The genetic modification of Chinese twins may have affected their brains

Publié le 7 Mar, 2019

The brains of twins whose genes were modified by CRISPR-Cas9 before birth, a change they will pass on to future generations, may have been impacted by the procedure.


New research shows that alterations in the CCR5 gene introduced into the babies’ DNA, which should make them resistant to the AIDS virus, also have an effect on recovery after a stroke and could lead to better academic performance. This observation is evident in people “naturally devoid” of this gene. Furthermore, “the CCR5 gene plays a major role in memory and the brain’s ability to form”, explains Alcino J. Silva, neurobiologist at the University of California, Los Angeles. Also, “the simplest interpretation is that those mutations will probably have an impact on cognitive function in the twins”. The exact effect “is impossible to predict”, which is why the experiment should not have been done, says the researcher.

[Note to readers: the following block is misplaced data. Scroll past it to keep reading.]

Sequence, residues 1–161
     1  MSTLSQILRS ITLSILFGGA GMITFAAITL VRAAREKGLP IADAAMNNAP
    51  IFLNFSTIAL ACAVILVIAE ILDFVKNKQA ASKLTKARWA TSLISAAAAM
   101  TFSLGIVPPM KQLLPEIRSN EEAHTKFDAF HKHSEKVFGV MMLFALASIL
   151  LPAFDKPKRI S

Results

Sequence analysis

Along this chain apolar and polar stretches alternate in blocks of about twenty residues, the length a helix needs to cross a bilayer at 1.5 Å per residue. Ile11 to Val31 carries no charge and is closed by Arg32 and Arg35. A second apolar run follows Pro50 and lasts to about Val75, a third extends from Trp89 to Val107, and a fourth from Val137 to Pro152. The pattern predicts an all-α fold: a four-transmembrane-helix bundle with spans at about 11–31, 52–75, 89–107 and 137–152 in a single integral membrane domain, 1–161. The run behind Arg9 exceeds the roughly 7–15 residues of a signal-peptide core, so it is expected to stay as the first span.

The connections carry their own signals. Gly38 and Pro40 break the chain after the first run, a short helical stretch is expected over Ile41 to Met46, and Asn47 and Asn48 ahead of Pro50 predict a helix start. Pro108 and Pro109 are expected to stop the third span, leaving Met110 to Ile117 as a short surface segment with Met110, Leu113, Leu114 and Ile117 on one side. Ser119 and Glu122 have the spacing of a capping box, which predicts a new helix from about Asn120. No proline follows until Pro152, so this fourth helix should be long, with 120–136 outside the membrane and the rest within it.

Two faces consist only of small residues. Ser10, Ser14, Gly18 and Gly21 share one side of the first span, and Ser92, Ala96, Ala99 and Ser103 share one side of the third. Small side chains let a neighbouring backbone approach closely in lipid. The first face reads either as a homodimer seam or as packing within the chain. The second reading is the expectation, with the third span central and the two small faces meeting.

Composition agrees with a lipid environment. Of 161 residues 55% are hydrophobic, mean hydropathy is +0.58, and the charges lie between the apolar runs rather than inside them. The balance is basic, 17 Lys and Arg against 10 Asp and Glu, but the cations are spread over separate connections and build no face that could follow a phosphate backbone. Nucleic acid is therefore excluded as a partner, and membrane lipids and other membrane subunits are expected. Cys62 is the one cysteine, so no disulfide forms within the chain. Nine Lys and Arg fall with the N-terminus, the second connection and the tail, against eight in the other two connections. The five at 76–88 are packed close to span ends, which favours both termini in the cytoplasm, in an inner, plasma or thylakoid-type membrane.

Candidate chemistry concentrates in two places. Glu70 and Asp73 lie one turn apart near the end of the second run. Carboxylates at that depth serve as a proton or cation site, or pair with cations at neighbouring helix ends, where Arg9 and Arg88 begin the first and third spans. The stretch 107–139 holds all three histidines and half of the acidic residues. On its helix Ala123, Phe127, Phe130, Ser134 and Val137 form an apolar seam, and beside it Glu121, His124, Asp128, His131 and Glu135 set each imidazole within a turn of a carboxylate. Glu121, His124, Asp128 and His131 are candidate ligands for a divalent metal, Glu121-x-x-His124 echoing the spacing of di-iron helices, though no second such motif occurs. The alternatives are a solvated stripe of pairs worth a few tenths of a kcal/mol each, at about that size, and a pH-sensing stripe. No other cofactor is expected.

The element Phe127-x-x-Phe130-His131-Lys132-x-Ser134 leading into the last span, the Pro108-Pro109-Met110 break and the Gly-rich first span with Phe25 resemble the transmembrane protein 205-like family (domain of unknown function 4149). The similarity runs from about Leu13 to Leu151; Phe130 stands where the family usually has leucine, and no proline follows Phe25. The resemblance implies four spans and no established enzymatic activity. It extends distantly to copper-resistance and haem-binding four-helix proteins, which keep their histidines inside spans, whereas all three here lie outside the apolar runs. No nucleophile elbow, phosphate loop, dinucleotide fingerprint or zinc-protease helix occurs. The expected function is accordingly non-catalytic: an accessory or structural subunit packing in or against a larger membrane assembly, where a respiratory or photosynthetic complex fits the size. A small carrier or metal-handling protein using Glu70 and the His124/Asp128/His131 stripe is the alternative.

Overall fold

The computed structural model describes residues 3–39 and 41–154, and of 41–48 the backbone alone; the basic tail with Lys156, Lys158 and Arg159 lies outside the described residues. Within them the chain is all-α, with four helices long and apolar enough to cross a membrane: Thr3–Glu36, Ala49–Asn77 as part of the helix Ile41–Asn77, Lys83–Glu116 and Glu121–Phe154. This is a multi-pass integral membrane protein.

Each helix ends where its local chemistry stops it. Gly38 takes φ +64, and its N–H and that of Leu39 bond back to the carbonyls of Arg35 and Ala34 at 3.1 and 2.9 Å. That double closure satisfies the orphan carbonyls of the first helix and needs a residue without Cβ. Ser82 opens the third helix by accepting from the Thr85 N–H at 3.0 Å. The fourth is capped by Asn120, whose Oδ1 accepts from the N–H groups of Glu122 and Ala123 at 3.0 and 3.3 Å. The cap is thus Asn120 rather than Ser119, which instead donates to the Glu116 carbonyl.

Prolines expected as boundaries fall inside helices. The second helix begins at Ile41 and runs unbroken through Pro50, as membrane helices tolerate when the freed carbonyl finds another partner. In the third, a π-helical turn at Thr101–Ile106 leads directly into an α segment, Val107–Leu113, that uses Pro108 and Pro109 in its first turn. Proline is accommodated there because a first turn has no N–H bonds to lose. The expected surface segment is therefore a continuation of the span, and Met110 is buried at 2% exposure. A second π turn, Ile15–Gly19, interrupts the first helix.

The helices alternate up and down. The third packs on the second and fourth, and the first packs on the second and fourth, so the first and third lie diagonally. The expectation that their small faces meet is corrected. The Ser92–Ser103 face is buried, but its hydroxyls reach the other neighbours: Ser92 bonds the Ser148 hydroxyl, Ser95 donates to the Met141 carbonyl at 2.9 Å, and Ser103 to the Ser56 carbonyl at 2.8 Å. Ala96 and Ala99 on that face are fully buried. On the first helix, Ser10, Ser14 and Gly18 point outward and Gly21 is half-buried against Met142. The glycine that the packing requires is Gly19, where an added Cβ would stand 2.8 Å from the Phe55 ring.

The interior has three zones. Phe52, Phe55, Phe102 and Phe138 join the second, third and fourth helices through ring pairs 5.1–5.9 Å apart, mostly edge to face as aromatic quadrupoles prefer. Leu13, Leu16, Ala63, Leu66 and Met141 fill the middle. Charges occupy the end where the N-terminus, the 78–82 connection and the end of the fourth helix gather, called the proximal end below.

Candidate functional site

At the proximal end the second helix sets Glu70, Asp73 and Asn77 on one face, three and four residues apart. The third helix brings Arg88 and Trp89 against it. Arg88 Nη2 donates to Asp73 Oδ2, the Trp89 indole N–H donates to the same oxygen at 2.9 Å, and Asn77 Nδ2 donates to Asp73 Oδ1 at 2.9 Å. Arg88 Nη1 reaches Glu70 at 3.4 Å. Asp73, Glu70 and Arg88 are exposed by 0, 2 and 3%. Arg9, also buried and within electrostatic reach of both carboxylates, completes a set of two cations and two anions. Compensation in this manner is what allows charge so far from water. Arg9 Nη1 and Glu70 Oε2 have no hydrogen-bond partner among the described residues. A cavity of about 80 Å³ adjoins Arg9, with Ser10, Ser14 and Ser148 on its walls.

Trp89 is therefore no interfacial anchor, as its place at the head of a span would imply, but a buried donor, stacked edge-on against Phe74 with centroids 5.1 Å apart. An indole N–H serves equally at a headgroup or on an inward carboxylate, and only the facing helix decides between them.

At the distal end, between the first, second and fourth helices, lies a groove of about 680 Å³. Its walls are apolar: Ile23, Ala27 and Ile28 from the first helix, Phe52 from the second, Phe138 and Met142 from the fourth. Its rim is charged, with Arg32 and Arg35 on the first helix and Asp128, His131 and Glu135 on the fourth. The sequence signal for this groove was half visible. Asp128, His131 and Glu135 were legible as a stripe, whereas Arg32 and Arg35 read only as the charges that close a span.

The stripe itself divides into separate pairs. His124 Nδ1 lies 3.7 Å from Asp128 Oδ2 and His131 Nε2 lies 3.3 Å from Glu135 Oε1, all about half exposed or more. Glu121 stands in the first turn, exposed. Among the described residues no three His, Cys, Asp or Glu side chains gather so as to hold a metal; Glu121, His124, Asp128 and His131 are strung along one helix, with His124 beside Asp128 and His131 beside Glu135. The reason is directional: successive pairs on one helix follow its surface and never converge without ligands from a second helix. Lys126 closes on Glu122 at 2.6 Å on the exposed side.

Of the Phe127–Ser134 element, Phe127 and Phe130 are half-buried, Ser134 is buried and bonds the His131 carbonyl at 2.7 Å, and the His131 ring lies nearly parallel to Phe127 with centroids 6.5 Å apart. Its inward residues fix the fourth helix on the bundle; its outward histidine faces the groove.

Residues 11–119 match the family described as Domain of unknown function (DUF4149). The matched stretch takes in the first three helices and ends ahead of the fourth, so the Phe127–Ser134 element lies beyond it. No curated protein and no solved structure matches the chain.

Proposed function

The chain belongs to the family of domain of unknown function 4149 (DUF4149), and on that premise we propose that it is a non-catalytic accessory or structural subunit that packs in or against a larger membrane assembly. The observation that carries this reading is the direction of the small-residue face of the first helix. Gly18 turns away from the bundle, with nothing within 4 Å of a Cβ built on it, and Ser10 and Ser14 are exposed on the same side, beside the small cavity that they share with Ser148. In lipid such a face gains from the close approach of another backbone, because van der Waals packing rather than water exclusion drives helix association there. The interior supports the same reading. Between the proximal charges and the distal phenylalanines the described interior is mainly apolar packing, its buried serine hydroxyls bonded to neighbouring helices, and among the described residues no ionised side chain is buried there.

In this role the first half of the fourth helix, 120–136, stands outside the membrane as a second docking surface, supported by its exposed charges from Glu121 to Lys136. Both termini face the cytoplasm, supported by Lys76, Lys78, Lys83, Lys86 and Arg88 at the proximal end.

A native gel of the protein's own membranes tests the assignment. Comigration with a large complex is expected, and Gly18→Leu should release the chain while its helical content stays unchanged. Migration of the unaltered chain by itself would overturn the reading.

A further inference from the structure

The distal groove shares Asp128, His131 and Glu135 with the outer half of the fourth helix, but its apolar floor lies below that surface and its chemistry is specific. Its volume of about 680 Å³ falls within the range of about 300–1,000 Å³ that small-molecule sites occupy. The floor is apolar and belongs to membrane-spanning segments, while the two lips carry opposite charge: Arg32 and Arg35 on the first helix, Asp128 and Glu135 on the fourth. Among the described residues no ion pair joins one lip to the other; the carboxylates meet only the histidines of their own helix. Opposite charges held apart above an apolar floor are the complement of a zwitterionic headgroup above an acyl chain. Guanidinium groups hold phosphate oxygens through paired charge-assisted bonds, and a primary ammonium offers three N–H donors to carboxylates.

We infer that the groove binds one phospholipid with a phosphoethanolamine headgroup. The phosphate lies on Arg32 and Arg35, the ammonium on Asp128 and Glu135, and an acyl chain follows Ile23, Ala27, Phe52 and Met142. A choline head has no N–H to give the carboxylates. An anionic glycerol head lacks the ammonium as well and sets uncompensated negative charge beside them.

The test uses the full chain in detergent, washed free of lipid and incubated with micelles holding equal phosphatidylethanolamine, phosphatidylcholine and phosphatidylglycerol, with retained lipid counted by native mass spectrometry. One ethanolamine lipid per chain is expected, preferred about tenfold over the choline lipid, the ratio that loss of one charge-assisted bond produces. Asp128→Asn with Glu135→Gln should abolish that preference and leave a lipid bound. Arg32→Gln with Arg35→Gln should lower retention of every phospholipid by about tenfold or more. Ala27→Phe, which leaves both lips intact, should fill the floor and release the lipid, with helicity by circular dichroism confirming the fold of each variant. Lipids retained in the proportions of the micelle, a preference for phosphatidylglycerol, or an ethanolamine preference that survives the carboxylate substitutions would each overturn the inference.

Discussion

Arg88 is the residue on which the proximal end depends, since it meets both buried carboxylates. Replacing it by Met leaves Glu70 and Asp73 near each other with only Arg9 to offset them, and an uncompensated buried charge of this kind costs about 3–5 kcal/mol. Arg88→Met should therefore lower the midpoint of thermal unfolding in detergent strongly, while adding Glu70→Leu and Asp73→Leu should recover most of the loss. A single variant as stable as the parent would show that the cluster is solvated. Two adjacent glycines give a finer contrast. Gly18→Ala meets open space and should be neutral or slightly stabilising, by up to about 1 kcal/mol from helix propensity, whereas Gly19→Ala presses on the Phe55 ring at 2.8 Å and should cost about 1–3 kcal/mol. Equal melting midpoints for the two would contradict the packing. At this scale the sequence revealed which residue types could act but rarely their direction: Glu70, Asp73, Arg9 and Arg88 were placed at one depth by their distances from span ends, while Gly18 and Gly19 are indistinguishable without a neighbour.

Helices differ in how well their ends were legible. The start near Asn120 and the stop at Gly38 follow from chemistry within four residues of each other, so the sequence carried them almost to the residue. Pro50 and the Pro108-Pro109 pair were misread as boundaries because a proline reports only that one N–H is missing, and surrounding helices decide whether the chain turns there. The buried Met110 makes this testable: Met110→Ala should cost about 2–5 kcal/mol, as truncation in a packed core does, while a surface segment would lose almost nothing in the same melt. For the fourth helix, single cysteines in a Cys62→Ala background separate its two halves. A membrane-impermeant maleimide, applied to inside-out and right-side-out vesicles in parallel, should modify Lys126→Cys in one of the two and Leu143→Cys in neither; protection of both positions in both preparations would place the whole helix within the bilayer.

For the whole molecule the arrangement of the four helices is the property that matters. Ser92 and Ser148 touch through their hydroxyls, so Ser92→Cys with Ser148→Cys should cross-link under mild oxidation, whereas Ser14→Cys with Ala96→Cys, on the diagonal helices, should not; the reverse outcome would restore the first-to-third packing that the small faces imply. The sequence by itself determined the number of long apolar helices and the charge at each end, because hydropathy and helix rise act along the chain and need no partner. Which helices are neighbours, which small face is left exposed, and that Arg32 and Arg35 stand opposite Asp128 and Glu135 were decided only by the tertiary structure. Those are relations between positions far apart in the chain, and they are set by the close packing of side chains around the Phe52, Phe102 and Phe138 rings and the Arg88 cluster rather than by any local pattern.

Suspicions were raised about the true intent of the genetic modification, which could be more about enhancement, “creating super-intelligent humans”, than preventing the disease.


The experiment has been widely condemned as irresponsible, and the researcher who made the modification, He Jiankui, is under investigation in China. He was fired by the university for which he worked.


For further reading:

“Genetically modified humans”: weak condemnation by the French National Consultative Ethics Committee (CCNE)

Les Echos, Frédéric Schaffer (22/02/2019) – Cette nuit en Asie : les bébés « OGM » chinois sont-ils dotés d’un super-cerveau ?

National Review, Wesley J. Smith (21/02/2019)

MIT, Antonio Ragalado (21/02/2019)

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